random act poster

I read to my children every day when we start school. This is the one thing we implemented in the very beginning and never changed. Reading together has allowed me to show my children some of the stories that I loved growing up, and to discover new stories together. When we read together it allows us to ask questions and have discussions that wouldn’t happen in any other setting. Together we have discovered distant and even imaginary lands, we have time-traveled to witness amazing historical events, and we have met larger than life individuals from history; all from the comfort of our living room.

We just finished reading Helen Keller’s autobiography, The Story of My Life. Today, instead of giving you a helpful homeschool principle as I have in past posts, I would like to share a life principle that we learned in our reading. Helen Keller wrote:

Sometimes, it is true, a sense of isolation enfolds me like a cold mist as I sit alone and wait at life’s shut gate. Beyond there is light, and music, and sweet companionship; but I may not enter. Fate, silent, pitiless, bars the way. Fain would I question his imperious decree; for my heart is still undisciplined and passionate; but my tongue will not utter the bitter, futile words that rise to my lips, and they will fall back into my heart like unshed tears. Silence sits immense upon my soul. Then comes hope with a smile and whispers, “There is joy in self-forgetfulness.” So I try to make the light in others’ eyes my sun, the music in others’ ears my symphony, the smile on others’ lips my happiness.

I thought a lot about her statement as Easter came and went this year. It was hard not getting together with family to celebrate the resurrection of our Savior. I longed to hang on to traditions that were not possible with the current social distancing guidelines. We are all, in one way or another, waiting at life’s shut gate. However, when I get frustrated with our current situation and long for the normalcy of just a mere month ago, I remembered that hope comes through the Savior who is the perfect example of self-forgetfulness. He lived a life purely for others and gave us an eternal hope that can only come through Him.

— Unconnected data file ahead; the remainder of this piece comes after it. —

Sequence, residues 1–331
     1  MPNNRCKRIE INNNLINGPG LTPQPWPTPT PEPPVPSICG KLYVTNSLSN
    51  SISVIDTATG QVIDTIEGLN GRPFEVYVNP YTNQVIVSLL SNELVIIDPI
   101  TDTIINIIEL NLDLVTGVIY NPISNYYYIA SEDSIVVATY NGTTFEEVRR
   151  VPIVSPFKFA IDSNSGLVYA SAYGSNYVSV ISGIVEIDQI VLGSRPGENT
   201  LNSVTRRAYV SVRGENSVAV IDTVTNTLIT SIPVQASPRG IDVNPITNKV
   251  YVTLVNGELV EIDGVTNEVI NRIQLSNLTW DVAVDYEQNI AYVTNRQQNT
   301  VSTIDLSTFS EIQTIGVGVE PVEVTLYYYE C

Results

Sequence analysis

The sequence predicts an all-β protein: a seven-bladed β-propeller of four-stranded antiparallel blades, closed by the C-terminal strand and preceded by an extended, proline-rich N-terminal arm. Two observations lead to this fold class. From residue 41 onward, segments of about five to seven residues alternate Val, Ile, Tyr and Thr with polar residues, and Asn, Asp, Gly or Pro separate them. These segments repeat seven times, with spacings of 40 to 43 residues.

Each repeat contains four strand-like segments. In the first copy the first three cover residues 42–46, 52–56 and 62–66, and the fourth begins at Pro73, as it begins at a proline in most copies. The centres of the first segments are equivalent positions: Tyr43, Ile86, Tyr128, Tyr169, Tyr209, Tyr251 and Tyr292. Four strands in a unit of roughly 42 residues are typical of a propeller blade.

Over this past month, I have seen beautiful displays of self-forgetfulness. I see it in the smile on the faces of people working hard to keep the grocery store stocked and cleaned. I saw it at Costco when a younger woman offered to shop for an older woman standing by her car. I’ve seen it many times in the kind gesture of neighbors to pick something up from the store for another or to donate a pack of toilet paper to someone who was met by empty shelves at the grocery store. I’ve seen it in children leaving a message of love on my driveway with sidewalk chalk. I’ve seen it in people sharing their talents with the world virtually. I saw it in a worldwide fast to appeal to a loving Heavenly Father for relief. I’ve seen it in a simple text or phone call to check-in or a note and a treat left on my porch. I’ve seen it in simple acts of kindness between my children or in having a little more patience when we’re all sick of being home. I saw it in a grandma playing a virtual game of Candy Land with her grandkids over FaceTime.

Yes, this is a challenging time for the world. In many ways, we’re in uncharted territory and it can be scary and overwhelming. My invitation to all is to allow a little self-forgetfulness and follow the simple advice from a child who put a note on her bedroom door that says, “One random act at a time brings us together.”